In 1976, Tom Dusenberry came from the Midwest to Salem because it was a hub of the games universe.
“I started with Parker Brothers Games in Des Moines, Iowa, on the loading dock,” Dusenberry said, “and I moved to Salem because it was the land of opportunity and the place where the greatest game company in the world was, Parker Brothers. So that was my journey.”
Dusenberry, 60, the former CEO of Hasbro Interactive, Games.com and Atari, will share insights on his 30-year career in the games industry and what the industry means for the North Shore during a lecture tomorrow at the Salem Anthenaeum.
The game industry has been explosive, Dusenberry said, going from under $100 million in the 1970s to about $87 billion today. IT research company Gartner Inc. says the video game market will reach $101 billion in worldwide revenue this year.
Dusenberry may have moved to the North Shore because of Parker Brothers, but the company is no longer here. And it’s been years since Atari occupied the sprawling, former Parker Brothers headquarters on Dunham Road in Beverly, a building that is now owned by Cummings Properties.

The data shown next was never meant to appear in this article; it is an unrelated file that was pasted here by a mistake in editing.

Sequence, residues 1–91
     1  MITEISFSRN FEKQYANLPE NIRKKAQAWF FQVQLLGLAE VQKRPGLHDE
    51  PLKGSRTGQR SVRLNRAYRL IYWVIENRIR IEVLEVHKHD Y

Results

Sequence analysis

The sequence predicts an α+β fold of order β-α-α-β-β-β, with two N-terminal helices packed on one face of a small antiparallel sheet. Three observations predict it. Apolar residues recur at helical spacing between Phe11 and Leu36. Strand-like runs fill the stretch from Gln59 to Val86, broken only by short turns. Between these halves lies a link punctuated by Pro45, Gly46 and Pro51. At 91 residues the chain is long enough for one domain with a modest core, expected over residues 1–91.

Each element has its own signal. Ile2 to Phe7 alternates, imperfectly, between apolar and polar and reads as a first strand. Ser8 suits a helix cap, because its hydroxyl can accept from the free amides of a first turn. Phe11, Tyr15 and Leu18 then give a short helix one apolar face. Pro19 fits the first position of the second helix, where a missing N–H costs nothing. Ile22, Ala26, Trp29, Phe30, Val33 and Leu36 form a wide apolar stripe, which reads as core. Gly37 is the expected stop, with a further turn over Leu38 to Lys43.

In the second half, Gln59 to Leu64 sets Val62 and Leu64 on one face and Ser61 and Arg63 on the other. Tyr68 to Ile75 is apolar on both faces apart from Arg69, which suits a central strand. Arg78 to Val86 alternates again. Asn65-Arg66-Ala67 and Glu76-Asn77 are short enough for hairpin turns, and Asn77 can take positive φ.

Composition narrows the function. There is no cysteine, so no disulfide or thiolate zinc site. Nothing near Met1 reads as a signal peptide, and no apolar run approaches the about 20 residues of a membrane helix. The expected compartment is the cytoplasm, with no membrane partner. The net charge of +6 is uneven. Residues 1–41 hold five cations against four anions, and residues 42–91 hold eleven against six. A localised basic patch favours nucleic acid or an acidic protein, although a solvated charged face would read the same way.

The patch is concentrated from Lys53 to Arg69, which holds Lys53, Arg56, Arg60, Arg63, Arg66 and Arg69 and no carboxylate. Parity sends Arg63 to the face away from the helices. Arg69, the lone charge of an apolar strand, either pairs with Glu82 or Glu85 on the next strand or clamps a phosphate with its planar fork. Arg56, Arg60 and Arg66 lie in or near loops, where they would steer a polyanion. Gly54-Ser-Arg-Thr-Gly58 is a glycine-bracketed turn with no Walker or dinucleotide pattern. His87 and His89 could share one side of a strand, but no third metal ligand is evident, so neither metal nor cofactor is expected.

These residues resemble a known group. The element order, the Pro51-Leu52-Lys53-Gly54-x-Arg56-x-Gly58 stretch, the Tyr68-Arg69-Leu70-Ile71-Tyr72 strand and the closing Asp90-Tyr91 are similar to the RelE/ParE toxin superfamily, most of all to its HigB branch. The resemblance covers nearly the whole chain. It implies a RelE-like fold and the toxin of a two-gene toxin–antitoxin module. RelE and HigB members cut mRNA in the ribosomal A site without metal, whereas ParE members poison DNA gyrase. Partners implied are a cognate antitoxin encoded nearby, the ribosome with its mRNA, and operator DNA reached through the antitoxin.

Dusenberry has witnessed the de-evolution of the games industry in the Bay State. He estimates a couple hundred people work in games on the North Shore, but says the creative talent of the Monopoly game maker is still here.
“There is no longer a games publisher on the North Shore — Parker Brothers would be considered a publisher. But because of Parker Brothers, there’s a robust amount of creative and marketing talent on the North Shore,” Dusenberry said.
While he no longer runs a large game company, Dusenberry, who lives in Salem, is still in the game of making games as head of his one-person firm, Dusenberry Entertainment. He’s a deal maker with clients in Istanbul, Turkey, Jordan and South Africa.